Hydroelectric power is overbuilt in much of China. Bitcoin mining in Sichuan uses some of this oversupply, very cheaply. However, as power plants join the wider national grid, the surplus is no longer free to be wasted on calculating hashes. A small number of miners have bought their own hydroelectric plants, but it’s not the usual case.
This appears not to be sudden. A thread on 8btc from earlier today posts an image of what appears to be an internal document from the Sichuan Electric Power Corporation, dated 3 November, concerning the shutdown. The usage of “Bitcoin” in this context generally implies all cryptocurrency mining, so no, they couldn’t just quickly switch coins. (If anyone here can read Chinese and could please translate the document, it would be much appreciated …)
EDIT: Rough translation by Nicholas Turnbull:
Urgent Notification Concerning the Production of Bitcoin, Light Hydropower Networks
Bitcoin production is an illegal business. Use of grid-connected power stations for this purpose also represents an illegal diversion of generated power. As of this Date of Notification, all grid-connected power stations are expressly prohibited from undertaking Bitcoin Production. This is in compliance with the Zhang Valley Substation Coordinated Enforcement Arrangements against the continued illegal transfer of electricity from grid-connected power stations, and summary enforcement action against the Company will therefore be prevented.
State Grid Four 11 Ganzi Power Limited Liability Company
Danba County Power Supply Branch
November 3, 2017
(SEPC has since clarified that it did not mean bitcoin mining itself was illegal, just the diversion of power to bitcoin mining.)
In the wake of China shutting down the cryptocurrency exchanges, some wondered what would happen if the mining dropped offline. China is still home to a supermajority of Bitcoin mining (around 80% as of July), and the miners wield considerable power.
This is not “what if all the mining disappeared suddenly?” — this won’t lead to a “frisbee on the roof” scenario, where there isn’t enough mining happening to reach the next mining difficulty adjustment (which happens every 2016 blocks, rather than after a given time). Blocks would, however, slow down considerably.
The interesting thing, however, is the ongoing battles between Bitcoin Cash (BCH) and Bitcoin (BTC), particularly in the past week — as Bitcoin Cash has been wielding mostly-Chinese miner support against Bitcoin.
Some large miners, particularly Jihan Wu, backed the Segwit2x fork, which was called off a few days ago. These seem to have joined in an effort to get mining power off BTC and onto BCH. Remember that both blockchains use the same hash — any miner can move their mining equipment from pointing at one to the other at any time.
This was helped by a large rise in the price of BCH, which quadrupled from $650 to $2500. It’s important to remember that it’s very thinly traded. Most of the activity was on South Korean exchange Bithumb and on Bitfinex, with BCH advocate Roger Ver personally buying 25,000 BTC worth (notionally about $150 million) of BCH and Ether on Bitfinex.
The “price” of BCH dropped $900 when Coinmarketcap decided to exclude Bithumb from their weighted average during an outage. Although arguably reasonable in this case, this is a form of price manipulation that’s little-discussed — when China shut down crypto exchanges a few months ago, you didn’t see the expected effects on the “price” of Bitcoin because the exchanges were promptly removed from the averages, even though they still had a couple of months of trading still to go.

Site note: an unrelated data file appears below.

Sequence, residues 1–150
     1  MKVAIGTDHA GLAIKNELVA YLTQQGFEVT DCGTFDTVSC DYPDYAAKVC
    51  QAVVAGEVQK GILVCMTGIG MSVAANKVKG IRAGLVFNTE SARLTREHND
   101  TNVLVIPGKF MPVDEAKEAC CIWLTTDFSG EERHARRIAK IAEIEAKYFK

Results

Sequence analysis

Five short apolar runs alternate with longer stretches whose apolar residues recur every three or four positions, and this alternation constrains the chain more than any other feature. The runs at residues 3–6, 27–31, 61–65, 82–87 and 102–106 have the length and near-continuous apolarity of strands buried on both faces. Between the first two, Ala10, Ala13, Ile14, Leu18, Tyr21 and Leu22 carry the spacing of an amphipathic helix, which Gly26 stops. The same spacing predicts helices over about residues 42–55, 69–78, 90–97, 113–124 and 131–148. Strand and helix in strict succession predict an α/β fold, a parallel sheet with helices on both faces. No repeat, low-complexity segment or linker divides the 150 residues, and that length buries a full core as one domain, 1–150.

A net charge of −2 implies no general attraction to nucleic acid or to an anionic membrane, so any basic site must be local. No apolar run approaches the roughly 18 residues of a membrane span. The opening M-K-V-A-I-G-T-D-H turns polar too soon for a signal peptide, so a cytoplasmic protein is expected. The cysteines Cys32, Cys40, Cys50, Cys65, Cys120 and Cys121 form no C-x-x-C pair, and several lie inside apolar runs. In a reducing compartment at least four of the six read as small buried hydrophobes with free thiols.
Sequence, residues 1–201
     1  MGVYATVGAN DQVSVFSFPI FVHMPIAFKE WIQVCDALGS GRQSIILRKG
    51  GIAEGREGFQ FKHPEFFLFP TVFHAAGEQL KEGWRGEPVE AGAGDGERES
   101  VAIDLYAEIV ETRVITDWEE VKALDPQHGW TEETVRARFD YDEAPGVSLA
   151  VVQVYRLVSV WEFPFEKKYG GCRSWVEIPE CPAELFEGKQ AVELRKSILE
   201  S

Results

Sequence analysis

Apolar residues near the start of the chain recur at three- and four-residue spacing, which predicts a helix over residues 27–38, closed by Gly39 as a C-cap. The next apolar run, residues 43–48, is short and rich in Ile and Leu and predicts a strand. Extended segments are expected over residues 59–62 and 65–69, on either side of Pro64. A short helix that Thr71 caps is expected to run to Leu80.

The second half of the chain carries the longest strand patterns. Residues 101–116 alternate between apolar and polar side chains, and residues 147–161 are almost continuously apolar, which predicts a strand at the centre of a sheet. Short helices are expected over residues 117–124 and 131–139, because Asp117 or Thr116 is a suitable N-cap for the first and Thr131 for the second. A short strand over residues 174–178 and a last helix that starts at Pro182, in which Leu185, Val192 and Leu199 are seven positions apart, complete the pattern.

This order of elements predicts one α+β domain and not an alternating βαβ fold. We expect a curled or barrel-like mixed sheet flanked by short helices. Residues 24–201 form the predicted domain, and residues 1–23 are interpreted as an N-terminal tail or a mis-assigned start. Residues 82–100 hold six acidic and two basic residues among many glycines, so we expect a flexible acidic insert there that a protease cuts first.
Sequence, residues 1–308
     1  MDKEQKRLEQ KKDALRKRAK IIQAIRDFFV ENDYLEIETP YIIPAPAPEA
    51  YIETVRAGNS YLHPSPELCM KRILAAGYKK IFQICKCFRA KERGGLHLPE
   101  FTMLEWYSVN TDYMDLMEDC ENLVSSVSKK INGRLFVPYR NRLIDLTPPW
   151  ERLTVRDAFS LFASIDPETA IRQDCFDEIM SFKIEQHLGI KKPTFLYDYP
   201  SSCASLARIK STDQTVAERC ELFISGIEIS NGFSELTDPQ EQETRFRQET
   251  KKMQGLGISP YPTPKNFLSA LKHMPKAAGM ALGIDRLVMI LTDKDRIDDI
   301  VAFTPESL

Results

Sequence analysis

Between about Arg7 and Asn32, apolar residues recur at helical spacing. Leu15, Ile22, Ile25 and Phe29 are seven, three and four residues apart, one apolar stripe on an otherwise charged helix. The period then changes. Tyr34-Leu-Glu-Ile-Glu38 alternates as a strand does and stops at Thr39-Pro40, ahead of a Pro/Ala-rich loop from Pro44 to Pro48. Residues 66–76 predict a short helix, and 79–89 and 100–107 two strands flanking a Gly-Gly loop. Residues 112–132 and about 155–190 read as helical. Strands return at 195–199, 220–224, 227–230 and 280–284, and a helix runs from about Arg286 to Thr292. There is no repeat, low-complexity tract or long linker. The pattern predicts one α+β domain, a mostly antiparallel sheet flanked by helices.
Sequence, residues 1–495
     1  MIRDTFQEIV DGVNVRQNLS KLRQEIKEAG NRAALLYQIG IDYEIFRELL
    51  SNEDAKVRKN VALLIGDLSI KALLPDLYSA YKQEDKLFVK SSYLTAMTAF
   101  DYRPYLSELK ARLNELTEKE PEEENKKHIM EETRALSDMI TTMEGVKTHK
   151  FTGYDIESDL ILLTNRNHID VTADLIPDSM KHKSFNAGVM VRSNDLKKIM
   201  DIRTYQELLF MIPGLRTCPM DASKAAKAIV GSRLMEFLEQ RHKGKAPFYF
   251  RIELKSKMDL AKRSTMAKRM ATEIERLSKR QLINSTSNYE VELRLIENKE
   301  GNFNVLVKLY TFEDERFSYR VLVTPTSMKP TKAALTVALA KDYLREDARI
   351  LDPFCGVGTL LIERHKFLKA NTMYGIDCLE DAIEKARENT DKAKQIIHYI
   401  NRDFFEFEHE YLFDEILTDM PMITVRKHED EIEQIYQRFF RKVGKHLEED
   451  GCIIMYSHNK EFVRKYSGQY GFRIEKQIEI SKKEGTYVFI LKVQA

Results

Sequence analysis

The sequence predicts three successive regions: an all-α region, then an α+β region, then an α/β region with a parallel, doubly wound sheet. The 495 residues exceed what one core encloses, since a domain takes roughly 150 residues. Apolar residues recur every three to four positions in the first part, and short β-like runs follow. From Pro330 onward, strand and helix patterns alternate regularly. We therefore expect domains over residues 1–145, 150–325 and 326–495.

BTC is very clogged at the moment, with around 100,000 unconfirmed transactions as I write this, and peaks of 160,000 a few days ago. Transaction fees peaked at around $20 just to get your transaction through. This wasn’t helped by long delays between blocks, as mining capacity moved to BCH — the time between blocks peaking at 63 minutes a few days ago, on 11 November. fork.lol, which charts the relative profitability of the two, was overloaded and inaccessible.
Unprocessed transactions in the BTC mempool from blockchain.info.
Time between BTC blocks, unsmoothed graph from bitcoinicity.org.
Truncated Y-axis in original.
BTC mining is recovering and the transaction clog is going down again, though fees are still around $15.
BCH is a speculative vehicle; despite its ambitions to be “useful for commerce” and its larger and mostly-empty blocks, with no transaction clog, it has no merchant story at all. (Not even the darknets.) In trading terms it’s an altcoin, with very thin trading, huge spreads between exchanges and ridiculous volatility. Despite its explicit ambitions, it’s still nowhere near replacing BTC as the “main” bitcoin.
If shutdowns of mining progress in China, then whoever remains in mining will become the power. This is currently divided between Iceland, India, Japan, Georgia and the Czech Republic. I think even a large chunk of the mining disappearing is unlikely to affect the price of BTC, which is still made of exuberance and manipulation, and exchanges have happily continued during periods of blockchain unusability to trade BTC and report a price for it. BCH’s ambitions will require convincing the remaining miners that BCH is worth mining and presents a viable future for Bitcoin.
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